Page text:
> application will still think it is dealing with one Font instance (alth=
> there are really two). This will allow the font that the user is using =
> retain its correct character as a SystemFont.
>>... what I propose is to freeze the API for now. When I'm=20
>>done with my adaptation work I'll probably have a better=20
>>overview of the whole thing, and find solutions that will=20
>>cleanly solve this problem and others that might have arisen=20
> OK. That just leaves me with the one change to do now, the one discusse=
> immediately above.
> However, I am going to take the liberty of completing the other one
> discussed earlier in this message: allowing a font family alias to alia=
> more than one font-family, depending on some new method in FontConsumer=
> below where I think that will be needed.
>>Currently I can get both PDF and AWT renderers working.=20
>>Thanks to the new
>>getSystemFontList() method I have been able to find the right=20
>>names of my registered fonts. Below I give 2 different=20
>>mappings of base12 fonts to system
>>fonts: one for Linux users, who almost all will have the=20
>>Nimbus clones installed on their systems (you can see that=20
>>the names couldn't be inferred); and one for Windoze users=20
>>who all have the default Times New Roman/Arial/Courier New fonts.=20
>>I don't know which is the situation for Mac Os. I'll ask a friend.
> Ah, but if we allow the alias to point to more than one family, why not=
> the Java logical names now instead of the actual font names? They just =
> to be set up in a different font-family from the free-standing variants=
Why not, but this would complicate the config file a bit further... The=20
advantage of the approach above is that the rendering will be the same fo=
PDF and AWT. As the Java logical names are mapped to the Lucida family th=
won't be the case if we use them. I think this is quite important because=
the AWT renderer as a convenient previewer that can quickly reload a docu=
That said, if the user wants such a situation he can easily change the co=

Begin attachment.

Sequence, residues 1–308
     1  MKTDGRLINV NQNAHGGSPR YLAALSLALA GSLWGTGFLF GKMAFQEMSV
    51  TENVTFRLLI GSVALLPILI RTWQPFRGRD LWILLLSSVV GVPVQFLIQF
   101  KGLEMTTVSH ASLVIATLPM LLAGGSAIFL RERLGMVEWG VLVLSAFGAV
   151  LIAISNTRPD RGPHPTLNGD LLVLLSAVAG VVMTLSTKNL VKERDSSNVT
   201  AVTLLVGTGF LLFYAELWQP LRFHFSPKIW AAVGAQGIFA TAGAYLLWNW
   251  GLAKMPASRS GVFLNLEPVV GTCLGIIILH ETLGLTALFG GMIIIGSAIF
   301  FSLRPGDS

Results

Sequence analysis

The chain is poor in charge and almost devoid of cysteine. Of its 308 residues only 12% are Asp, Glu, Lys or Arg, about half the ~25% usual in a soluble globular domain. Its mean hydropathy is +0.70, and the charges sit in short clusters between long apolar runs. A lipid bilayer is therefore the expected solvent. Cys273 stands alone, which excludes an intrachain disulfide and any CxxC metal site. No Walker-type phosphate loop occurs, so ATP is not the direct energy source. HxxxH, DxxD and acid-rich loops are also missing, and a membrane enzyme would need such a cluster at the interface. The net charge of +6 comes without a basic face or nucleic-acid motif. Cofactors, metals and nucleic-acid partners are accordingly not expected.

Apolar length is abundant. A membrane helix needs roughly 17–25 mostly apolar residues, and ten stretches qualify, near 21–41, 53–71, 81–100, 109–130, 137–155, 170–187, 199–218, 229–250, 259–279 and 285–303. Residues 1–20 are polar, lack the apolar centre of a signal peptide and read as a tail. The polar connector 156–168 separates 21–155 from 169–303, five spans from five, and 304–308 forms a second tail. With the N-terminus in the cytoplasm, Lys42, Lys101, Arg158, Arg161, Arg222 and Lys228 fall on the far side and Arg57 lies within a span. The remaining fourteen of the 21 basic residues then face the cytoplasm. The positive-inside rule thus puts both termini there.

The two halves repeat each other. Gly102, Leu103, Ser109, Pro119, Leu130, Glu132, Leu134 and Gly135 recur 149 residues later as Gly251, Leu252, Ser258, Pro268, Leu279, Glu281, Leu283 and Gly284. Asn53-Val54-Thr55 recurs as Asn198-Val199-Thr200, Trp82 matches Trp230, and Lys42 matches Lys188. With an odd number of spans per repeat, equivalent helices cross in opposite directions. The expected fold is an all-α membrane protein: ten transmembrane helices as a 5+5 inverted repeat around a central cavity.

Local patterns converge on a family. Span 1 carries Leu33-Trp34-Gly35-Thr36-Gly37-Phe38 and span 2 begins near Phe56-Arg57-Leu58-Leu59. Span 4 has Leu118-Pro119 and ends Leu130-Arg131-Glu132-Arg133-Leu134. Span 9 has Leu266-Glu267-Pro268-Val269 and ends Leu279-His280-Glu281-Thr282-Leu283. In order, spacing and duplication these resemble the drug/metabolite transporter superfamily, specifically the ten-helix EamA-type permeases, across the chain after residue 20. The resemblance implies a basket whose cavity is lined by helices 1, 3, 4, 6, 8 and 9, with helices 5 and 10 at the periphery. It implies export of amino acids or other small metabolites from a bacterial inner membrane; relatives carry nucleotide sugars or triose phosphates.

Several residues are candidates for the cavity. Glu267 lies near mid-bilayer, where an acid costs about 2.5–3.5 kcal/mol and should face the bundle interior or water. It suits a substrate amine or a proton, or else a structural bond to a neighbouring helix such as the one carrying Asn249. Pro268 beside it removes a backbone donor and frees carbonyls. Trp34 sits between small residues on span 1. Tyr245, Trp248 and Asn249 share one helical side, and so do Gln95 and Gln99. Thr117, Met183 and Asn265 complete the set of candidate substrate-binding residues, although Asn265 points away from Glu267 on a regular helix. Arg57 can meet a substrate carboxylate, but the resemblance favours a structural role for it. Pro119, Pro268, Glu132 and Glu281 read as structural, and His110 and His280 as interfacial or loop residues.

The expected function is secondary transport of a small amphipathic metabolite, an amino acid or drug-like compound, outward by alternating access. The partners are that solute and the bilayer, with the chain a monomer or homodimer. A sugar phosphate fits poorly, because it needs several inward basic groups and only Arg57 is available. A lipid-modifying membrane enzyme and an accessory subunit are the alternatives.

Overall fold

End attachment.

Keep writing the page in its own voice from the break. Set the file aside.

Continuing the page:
file to map the generic names to Times/Helvetica/Courier. It's also a bit=
logical to map the FO serif family to the AWT Serif font.
So, well, I don't really mind your change.
>>With these mappings it will be possible to have the generic=20
>>families working for both PS/PDF and AWT renderers. As the=20
>>actually used fonts will be compatible this might even help=20
>>to have the same rendering in PDF and AWT. After all the=20
>>situation isn't that bad.
>>I also think it's no use to add attributes to font elements=20
>>to make system font selection easier (the system-font-family,=20
>>system-font-weight, system-font-style mentioned in a previous=20
>>post). It's now easy enough with getSystemFontList() to find=20
> OK. Good. We can always add it later if we think we need to.
>>Attached is a very small utility that displays all the fonts=20
>>registered within a Java system. Who knows, some new users=20
>>writing their font-config files might find it useful.
> That is good. Maybe we should put that into aXSL?
Yes, why not.
> Also, you might look at
> the FOraySystemFont method that does this as it tests whether the user =
> a graphical environment (avoids stack trace on non-graphic Linux boxes,=
Good, thanks. I've changed my class in accordance, attached is the new ve=
>>I think we'd better leave the font configuration as is for=20
>>now and concentrate on adding new features like sub/super=20
>>script and font baseline informations as mentioned on=20
>>axsl-user. Or subset embedding, opentype support, glyph=20
> ... and the one I desperately need is glyph positioning, although it lo=
> like the new Acrobat may handle this for me.
> Let me know when you are ready to work on the baseline and sub/super sc=
> stuff. I haven't had a chance to work on it yet.
I'll quickly try to resurrect the PDF renderer, and have a look at the PS=
renderer. Then I think I'll start looking at those problems.